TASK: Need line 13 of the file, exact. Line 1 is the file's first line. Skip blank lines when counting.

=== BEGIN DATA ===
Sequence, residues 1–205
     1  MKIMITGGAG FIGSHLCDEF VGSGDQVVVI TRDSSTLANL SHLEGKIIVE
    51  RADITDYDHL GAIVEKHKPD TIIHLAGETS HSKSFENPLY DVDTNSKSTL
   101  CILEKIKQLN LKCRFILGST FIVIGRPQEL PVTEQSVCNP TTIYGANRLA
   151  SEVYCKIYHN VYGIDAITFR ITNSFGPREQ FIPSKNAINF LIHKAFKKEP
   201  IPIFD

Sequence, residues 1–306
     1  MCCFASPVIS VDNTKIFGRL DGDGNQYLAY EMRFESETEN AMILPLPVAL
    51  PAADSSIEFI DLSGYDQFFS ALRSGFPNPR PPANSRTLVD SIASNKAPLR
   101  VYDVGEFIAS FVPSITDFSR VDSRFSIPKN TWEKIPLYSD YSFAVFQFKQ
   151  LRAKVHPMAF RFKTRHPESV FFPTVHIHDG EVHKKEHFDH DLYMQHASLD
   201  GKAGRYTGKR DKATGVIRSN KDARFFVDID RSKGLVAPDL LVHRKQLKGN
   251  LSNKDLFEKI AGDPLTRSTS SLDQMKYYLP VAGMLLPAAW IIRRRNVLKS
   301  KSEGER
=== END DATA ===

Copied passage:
   251  LSNKDLFEKI AGDPLTRSTS SLDQMKYYLP VAGMLLPAAW IIRRRNVLKS